Who profits with for-profit prisons?<span style="display:block;position:relative;padding-top:56.25%;" class="rm-shortcode" data-rm-shortcode-id="97ac37e6c7f6f22ec130ea2d56871701"><iframe type="lazy-iframe" data-runner-src="https://www.youtube.com/embed/dB78NV2WpWc?rel=0" width="100%" height="auto" frameborder="0" scrolling="no" style="position:absolute;top:0;left:0;width:100%;height:100%;"></iframe></span><p>The Labour Economics study suggests that privately-run prisons do convicts a few favors at the moment of sentencing. However, proponents of private prisons often point to other benefits when making their case. Specifically, they argue that private prisons reduce operating costs, stimulate innovation in the correctional system, and reduce recidivism—the rate at which released prisoners are rearrested and return to prison.</p><p>In regard to recidivism, the research is mixed. <a href="https://journals.sagepub.com/doi/abs/10.1177/0011128799045001002" target="_blank">One study</a> compared roughly 400 former prisoners from Florida, 200 released from private prisons and 200 from state-run facilities. It found the private-prison cohort maintained lower rates of recidivism. However, <a href="https://onlinelibrary.wiley.com/doi/abs/10.1111/j.1745-9133.2005.00006.x" target="_blank" rel="noopener noreferrer">another Florida study</a> found no significant rate differences. And two other studies—one from <a href="https://journals.sagepub.com/doi/abs/10.1177/0011128799045001002" target="_blank" rel="noopener noreferrer">Oklahoma</a> and another out of <a href="https://journals.sagepub.com/doi/abs/10.1177/0734016813478823" target="_blank" rel="noopener noreferrer">Minnesota</a>, both comparing much larger cohorts than the first Florida study— found that prisoners leaving private prisons had a greater risk of recidivism.</p><p>The research is also inconclusive regarding cost savings. <a href="https://www.hamiltonproject.org/assets/files/economics_of_private_prisons.pdf" target="_blank" rel="noopener noreferrer">A Hamilton Project analysis</a> noted that such comparisons are difficult because private prisons, like all private companies, are not required to release operational details. In comparing what studies were available, the authors estimate the costs to be comparable and that "in practice the primary mechanism for cost saving in private prisons is lower salaries for correctional officers"—about $7,000 less than their public peers. They add that competition-driven innovation is lacking as the three largest firms control nearly the entire market.</p><p>"We aren't saying private prisons are bad," Galinato said. "But states need to be careful with them. If your state has previous and regular issues with corruption, I wouldn't be surprised to see laws being more skewed to give longer sentences, for example. If the goal is to reduce the number of incarcerated individuals, increasing the number of private prisons may not be the way to go."</p>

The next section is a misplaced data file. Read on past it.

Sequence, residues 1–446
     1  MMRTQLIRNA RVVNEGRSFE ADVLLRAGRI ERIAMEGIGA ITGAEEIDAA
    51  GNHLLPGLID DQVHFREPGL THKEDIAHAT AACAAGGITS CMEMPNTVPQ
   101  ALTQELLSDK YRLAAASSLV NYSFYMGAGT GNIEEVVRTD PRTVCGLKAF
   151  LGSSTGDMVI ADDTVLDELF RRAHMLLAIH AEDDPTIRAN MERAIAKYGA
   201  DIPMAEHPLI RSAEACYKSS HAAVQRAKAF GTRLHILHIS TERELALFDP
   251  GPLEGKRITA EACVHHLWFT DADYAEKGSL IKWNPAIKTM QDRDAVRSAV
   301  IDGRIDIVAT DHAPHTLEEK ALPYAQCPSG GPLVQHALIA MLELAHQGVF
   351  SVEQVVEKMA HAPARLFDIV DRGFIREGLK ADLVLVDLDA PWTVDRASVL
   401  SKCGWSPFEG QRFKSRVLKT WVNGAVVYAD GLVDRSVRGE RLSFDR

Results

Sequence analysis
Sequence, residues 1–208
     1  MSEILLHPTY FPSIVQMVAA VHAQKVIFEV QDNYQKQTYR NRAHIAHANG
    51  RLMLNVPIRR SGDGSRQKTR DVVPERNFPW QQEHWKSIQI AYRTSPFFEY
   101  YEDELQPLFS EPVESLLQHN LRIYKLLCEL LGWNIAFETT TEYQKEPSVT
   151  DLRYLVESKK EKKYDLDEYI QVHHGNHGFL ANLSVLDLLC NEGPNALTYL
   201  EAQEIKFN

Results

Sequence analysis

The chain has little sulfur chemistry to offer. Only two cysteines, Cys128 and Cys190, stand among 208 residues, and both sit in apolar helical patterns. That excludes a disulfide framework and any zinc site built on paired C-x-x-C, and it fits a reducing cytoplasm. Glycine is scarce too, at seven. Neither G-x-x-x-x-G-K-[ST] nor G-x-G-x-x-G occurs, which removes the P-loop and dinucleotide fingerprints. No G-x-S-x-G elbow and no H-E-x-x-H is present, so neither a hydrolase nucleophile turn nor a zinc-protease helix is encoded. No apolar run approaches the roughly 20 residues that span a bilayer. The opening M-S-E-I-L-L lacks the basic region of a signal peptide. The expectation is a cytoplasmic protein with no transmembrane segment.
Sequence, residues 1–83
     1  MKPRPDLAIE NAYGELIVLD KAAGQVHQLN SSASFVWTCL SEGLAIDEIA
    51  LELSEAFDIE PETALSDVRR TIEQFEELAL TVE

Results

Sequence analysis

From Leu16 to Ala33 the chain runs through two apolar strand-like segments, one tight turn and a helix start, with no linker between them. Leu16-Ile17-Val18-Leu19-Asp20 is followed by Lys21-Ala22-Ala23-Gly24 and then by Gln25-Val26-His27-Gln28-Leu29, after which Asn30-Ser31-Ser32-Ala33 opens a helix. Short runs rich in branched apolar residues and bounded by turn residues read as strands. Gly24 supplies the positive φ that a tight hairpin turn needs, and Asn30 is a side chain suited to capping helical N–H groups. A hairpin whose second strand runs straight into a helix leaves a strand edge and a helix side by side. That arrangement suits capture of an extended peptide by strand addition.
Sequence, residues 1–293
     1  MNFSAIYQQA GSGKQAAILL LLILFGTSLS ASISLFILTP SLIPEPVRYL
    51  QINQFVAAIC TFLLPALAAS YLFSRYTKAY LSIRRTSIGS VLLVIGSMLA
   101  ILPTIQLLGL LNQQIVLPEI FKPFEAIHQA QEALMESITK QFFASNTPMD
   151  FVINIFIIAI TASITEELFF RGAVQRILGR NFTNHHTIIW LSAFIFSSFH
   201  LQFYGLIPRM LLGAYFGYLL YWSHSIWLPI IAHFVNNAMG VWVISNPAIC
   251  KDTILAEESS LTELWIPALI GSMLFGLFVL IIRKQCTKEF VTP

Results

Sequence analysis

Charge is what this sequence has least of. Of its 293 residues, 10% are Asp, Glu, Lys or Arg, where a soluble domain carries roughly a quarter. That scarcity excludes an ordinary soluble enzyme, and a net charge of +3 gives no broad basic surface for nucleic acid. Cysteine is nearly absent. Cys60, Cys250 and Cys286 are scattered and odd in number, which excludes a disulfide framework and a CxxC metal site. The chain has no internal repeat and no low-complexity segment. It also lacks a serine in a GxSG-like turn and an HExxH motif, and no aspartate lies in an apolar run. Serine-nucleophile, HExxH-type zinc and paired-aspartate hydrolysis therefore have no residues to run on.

What exactly does "questions are the new answers" mean?
- Traditionally, intelligence has been viewed as having all the answers. When it comes to being innovative and forward-thinking, it turns out that being able to ask the right questions is an equally valuable skill.
- The difference between the right and wrong questions is not simply in the level of difficulty. In this video, geobiologist Hope Jahren, journalist Warren Berger, experimental philosopher Jonathon Keats, and investor Tim Ferriss discuss the power of creativity and the merit in asking naive and even "dumb" questions.
- "Very often the dumb question that is sitting right there that no one seems to be asking is the smartest question you can ask," Ferriss says, adding that "not only is it the smartest, most incisive, but if you want to ask it and you're reasonably smart, I guarantee you there are other people who want to ask it but are just embarrassed to do so."